April 13th, 2008, 11:10 PM
Just adopted 11 month Sheltie. He was sold as Show Dog at 2 months but returned to breeder because he was too timid in ring. I adopted him last week but I think he was abused. He was debarked by last owner and slinks away at any sudden movement or sound. He seems to be bonding to me but still won't come when called. He hasn't bonded to my husband as yet. How to train him to come when called? Any help with his trust issues will be appreciated.
April 13th, 2008, 11:26 PM
I have a sheltie that I adopted last year when she was about 4 years old. It took us at least 5 months before she trusted us. She basically stayed in one room all the time on her bed. We would bring her food and she would only eat it when we weren't looking. We just let her be, and she came around on her own! Just don't try to force yourself on her, in time she will come to trust you and know you won't hurt her. How is she doing in the bathroom department?
April 14th, 2008, 09:50 AM
Don't assume that he was abused and let that become an excuse for bad behaviour. It sounds like he might just be a very timid dog.
Find a training class and enroll. You can train him, he will learn the rules and you will both learn to read each other's body language better.
I have a dog who's socialization was neglected (well, two actually - the other is very outgoing) and spooks at sudden movements and sounds. I have a family, so avoiding sounds and sudden movements was not an option. We live our life as we have always done, correct him if he reacts with a snap (which he no longer does) and just ignore the rest. He is crated while we vacuum, it is just to hard to try to vacuum around him as he runs through the house trying to get away. He has come a very long way in a year but I am sure he will always be reactive in some situations.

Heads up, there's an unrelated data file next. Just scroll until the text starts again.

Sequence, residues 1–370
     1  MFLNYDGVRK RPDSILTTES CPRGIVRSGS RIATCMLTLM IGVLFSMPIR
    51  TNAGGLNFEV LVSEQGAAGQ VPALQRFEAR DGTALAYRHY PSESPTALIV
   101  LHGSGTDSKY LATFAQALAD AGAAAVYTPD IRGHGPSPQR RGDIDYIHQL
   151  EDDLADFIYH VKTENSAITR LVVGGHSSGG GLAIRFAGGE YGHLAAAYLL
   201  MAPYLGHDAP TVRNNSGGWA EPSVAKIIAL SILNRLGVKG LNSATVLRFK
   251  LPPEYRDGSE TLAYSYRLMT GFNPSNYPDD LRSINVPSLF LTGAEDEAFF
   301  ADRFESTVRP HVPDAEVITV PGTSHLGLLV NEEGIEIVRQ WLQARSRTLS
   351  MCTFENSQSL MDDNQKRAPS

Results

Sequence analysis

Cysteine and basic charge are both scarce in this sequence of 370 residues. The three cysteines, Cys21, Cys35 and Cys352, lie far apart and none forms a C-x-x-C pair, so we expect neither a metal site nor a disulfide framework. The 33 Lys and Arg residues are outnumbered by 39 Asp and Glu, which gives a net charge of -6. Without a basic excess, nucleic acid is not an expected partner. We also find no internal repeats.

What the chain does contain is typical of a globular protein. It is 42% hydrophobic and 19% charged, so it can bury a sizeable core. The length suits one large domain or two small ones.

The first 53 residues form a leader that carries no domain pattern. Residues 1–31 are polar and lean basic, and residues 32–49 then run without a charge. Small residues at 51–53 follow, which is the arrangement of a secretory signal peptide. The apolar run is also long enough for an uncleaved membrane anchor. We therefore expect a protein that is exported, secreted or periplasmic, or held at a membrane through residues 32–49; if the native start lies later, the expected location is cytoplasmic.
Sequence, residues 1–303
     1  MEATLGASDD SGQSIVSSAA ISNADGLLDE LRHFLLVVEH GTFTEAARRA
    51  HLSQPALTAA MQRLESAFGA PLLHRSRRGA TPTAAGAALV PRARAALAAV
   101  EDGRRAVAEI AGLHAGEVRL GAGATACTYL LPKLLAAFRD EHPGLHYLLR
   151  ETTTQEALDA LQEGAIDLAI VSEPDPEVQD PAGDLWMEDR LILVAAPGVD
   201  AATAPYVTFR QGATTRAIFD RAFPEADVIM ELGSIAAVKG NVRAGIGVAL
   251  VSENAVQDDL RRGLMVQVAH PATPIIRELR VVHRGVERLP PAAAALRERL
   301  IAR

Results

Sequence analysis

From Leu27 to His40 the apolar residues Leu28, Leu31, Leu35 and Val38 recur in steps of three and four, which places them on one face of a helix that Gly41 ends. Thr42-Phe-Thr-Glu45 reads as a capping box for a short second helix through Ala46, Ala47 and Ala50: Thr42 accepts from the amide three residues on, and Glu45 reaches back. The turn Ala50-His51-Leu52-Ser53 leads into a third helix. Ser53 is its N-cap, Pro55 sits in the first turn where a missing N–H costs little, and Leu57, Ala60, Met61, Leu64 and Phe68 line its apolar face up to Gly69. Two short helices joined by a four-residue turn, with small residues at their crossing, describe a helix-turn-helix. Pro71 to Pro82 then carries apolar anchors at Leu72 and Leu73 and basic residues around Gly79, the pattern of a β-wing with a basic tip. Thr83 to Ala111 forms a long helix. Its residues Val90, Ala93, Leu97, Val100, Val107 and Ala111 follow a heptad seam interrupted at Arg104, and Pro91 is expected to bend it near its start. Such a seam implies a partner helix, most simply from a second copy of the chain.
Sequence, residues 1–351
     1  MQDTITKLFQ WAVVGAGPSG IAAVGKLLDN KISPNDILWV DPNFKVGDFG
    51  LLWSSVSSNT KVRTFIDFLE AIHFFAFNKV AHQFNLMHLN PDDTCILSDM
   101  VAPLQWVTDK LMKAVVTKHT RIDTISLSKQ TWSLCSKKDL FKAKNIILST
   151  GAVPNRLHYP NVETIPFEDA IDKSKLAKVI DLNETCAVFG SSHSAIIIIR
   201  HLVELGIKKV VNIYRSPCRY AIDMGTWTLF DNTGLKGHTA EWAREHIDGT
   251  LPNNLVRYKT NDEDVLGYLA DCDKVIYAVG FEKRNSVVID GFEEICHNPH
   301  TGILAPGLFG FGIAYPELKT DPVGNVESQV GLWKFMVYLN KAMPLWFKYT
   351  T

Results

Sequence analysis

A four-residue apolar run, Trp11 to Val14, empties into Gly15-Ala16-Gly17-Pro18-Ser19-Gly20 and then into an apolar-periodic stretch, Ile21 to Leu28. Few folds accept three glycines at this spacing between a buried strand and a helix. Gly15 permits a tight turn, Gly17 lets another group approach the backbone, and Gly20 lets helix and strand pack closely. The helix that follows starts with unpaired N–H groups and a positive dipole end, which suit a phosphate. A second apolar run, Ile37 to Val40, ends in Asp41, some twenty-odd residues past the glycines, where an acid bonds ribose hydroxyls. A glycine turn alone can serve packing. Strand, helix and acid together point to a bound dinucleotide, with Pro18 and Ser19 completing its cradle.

April 18th, 2008, 08:41 PM
A great thing to do for a skittish dog is to keep him on a leash attached to an adult in the house as much as possible.
A fearful dog has 3 choices: fight, flight or freeze. Your dog is choosing flight and each time he runs away the behavior is reinforced. We don't want a fight response or the freeze either, but if we can help him get through his fears he can learn how to relax and breath through the scary times. Having him on the leash forces him to stay put and start to observe what is actually happening around him inside of just disappearing. In order for him to get through his fears he must face them. We don't want to throw him into scarey situations intentionally, but it sounds like life itself is a bit scarey to him.
Try not to coddle him when he is afraid. You are just reinforcing it. Try to be the confident leader he needs to emulate. If he trusts you and feels your confidence then it be easier for him to look to you for safety and confidence rather than running away.
The other side of this coin is as LavenderRott said, start working on some obedience. It doesn't have to be a group class to start - infact a great private session or two could do wonders. Every time you ask your dog to perform something - you become a leader and he is the follower. He learns to trust you and through her trust in you she can learn to trust others and new situations. The busier her mind is on you and what ever you two are working on, the less time and energy he has to spend on his fears and reactivity. The more sits and stays he can do as life passes by, he is having a release of serotonin in his brain which is a natural calming chemical and he will soften. But if he is allowed to be reactive and flee, then he gets an adrenalin rush and every goes down hill from there.
Also try not to avoid situations, but think of them as opportunities to teach her. Avoiding changes nothing. Instead of thinking "oh, darn, here comes...(fill in blank), I just know hes going to freak out" instead think " oh great, here comes... - let's help him to feel safe and learn not to run away".
Hope that helps.
April 18th, 2008, 09:25 PM
does de barked mean what i think it does :sad: